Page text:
The National Our Freshwater 2020 report and its key findings is also on the agenda for noting. This document is part of a series – Environment Aotearoa – that examines 9 critical environmental issues. Our Freshwater 2020 is a detailed dive into the state of our freshwater. It’s not pretty and gives us all the more reason to get our land and water plan well shaped up in a regenerative direction.

We will also have a presentation from the Manuherekia Reference Group – we’ll be updated by Alec Neill and Andrew Newman on the purpose, approach and progress of their work, plus an update on the RMA Amendment Bill (implications for ORC) and an update on the Three Waters Investigation.

If any of this sounds riveting – as I’m sure it does – you are very welcome to join us on our youtube channel. The meetings are livestreamed at this address.

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Another letter, calling time on ORC

The letter discussed at length in my last blog has further polarised people around their
views on water rights. Community groups and environmentalists lining up on one side and agriculturalists and irrigators on the other. The drums are now beating for ORC itself with Fish & Game at least ready to fire the council and bring in commissoners. Ray Grubb, a Fish & Game councillor of Wanaka clearly articulates this view in the following letter to the Otago Daily Times (not yet published). Below the letter, I cover my later discussion with Ray and what next.

The Editor


The ODT today records 7 Regional Councillors writing to the Regional Council Chair asking the new Water Plan process for Otago be cancelled so that Irrigators can continue to own and use as much of our Region’s water as they wish. The letter suggests Covid 19 requires the cancellation and that excuse is a clear nonsense. What the letter really means is that a majority of the Regional Councillors, 7 of 12, have now declared a bias in favour of Irrigators. That is untenable, an abuse of their elected positions, and the letter an abuse of process.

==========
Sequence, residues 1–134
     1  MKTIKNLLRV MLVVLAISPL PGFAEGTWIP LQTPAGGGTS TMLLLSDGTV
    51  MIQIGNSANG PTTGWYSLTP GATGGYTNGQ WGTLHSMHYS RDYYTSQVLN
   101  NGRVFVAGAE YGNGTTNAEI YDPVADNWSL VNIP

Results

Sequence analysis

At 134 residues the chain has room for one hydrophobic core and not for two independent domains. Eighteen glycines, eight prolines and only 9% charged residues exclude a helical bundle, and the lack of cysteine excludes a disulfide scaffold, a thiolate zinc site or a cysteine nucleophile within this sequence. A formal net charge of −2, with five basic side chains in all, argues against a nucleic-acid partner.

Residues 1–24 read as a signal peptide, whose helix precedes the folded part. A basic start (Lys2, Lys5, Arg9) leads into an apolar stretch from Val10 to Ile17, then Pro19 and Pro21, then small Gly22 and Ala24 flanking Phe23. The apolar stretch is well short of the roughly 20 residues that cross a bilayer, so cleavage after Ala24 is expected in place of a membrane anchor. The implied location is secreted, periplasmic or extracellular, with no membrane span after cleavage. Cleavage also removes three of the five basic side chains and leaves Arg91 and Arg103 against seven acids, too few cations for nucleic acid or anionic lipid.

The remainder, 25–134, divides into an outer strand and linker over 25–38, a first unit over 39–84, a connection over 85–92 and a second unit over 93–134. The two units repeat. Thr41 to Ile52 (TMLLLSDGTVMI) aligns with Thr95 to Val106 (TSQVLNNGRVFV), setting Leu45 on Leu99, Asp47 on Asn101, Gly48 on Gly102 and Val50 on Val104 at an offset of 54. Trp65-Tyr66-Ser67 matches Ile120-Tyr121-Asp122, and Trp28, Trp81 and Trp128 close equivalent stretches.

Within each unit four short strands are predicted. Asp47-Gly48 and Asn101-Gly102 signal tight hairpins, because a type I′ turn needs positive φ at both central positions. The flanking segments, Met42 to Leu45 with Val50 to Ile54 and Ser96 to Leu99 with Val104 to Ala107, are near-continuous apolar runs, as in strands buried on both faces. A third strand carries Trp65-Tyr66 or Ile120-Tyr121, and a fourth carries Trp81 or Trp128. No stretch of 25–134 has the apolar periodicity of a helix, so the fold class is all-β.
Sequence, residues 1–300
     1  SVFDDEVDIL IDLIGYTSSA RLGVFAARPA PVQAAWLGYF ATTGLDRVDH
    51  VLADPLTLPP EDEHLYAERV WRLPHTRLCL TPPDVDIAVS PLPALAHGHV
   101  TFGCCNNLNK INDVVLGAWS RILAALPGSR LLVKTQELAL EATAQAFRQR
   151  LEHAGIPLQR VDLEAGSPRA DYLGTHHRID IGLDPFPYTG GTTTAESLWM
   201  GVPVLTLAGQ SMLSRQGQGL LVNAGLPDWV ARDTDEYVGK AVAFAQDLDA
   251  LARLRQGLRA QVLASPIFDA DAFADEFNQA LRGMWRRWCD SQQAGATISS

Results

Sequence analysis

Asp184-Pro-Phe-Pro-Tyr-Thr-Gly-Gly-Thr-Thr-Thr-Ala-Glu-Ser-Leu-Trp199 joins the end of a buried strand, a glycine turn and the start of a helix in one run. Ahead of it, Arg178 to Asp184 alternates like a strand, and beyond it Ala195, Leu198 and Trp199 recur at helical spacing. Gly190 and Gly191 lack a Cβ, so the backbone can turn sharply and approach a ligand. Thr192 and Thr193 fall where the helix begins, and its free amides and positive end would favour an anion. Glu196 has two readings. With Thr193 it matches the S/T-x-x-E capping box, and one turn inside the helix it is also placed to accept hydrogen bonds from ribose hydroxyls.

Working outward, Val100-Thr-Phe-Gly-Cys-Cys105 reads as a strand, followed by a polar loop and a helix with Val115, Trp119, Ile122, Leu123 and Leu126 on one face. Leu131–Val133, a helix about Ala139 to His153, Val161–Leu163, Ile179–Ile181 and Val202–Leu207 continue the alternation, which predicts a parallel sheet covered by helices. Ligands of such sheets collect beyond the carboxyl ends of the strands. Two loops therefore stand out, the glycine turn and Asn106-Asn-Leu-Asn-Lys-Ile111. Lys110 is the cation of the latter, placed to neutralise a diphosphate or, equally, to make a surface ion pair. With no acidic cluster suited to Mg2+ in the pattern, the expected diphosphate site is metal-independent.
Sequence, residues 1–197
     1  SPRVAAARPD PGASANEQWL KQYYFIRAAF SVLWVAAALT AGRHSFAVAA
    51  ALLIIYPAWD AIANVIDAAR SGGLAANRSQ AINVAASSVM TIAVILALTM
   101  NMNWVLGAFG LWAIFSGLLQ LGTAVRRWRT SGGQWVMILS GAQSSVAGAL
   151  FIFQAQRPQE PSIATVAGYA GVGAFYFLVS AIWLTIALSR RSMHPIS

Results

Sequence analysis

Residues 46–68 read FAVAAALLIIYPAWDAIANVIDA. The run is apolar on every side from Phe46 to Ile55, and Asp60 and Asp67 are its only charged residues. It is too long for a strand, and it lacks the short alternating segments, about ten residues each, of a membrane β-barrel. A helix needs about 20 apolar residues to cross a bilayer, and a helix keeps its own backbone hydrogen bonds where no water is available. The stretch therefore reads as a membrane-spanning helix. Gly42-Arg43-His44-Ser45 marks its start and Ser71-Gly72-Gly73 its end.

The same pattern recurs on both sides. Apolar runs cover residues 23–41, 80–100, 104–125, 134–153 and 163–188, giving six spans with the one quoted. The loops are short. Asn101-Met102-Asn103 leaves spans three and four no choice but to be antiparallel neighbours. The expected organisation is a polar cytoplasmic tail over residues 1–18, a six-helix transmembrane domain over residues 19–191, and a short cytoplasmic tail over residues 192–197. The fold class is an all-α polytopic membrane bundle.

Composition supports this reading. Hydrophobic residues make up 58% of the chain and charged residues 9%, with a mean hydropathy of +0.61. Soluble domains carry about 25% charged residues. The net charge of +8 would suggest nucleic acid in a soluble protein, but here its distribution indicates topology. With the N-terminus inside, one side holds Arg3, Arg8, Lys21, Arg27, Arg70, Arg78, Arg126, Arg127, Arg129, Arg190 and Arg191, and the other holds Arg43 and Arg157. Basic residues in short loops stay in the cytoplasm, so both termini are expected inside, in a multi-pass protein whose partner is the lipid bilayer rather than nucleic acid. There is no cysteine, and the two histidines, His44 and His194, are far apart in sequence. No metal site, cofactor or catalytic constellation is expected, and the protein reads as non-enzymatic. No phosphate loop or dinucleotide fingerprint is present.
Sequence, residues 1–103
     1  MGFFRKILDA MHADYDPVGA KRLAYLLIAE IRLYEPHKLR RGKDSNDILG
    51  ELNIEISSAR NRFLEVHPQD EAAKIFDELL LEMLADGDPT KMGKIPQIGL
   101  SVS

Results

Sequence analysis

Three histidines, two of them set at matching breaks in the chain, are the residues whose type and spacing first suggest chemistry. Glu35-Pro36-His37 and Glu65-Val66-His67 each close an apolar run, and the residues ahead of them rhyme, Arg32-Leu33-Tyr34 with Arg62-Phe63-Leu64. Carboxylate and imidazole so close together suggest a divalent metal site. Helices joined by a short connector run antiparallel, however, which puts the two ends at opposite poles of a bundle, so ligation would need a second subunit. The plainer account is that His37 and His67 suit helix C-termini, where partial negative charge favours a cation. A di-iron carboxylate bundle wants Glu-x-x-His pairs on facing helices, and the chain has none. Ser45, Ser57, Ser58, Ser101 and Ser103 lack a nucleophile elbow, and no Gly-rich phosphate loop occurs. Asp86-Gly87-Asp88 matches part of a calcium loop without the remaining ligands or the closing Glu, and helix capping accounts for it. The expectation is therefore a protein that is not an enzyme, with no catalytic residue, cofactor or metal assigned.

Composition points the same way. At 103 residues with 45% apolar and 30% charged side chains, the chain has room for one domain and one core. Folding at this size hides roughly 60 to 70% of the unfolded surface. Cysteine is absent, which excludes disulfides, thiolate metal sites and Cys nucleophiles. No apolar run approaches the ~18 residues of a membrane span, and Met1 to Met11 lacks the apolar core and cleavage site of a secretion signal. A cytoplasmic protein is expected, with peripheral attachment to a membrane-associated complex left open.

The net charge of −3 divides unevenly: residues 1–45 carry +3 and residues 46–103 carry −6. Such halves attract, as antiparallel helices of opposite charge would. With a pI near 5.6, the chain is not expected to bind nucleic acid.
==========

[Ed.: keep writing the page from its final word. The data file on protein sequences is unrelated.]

A little background is essential. 29 Years ago the Government passed Legislation that
required Deemed (Mining Rights) water permits to expire in 2021. Those permits, for every catchment I am aware of where they applied, allowed the Irrigators to take all the water. In the Manuherikia for example permits to take water totalled a ludicrous amount more than the usual flow, something like 250 times more. So effectively those who held the permits did, and still do, own all the water in the rivers. Some Irrigators will in fact tell you that. In many catchments the Irrigators trade water amongst themselves and decide at any given time how much will be left in a river. The general public has no part to play in this, nor does the Regional Council. The new Regional Water Plan is supposed to fix that.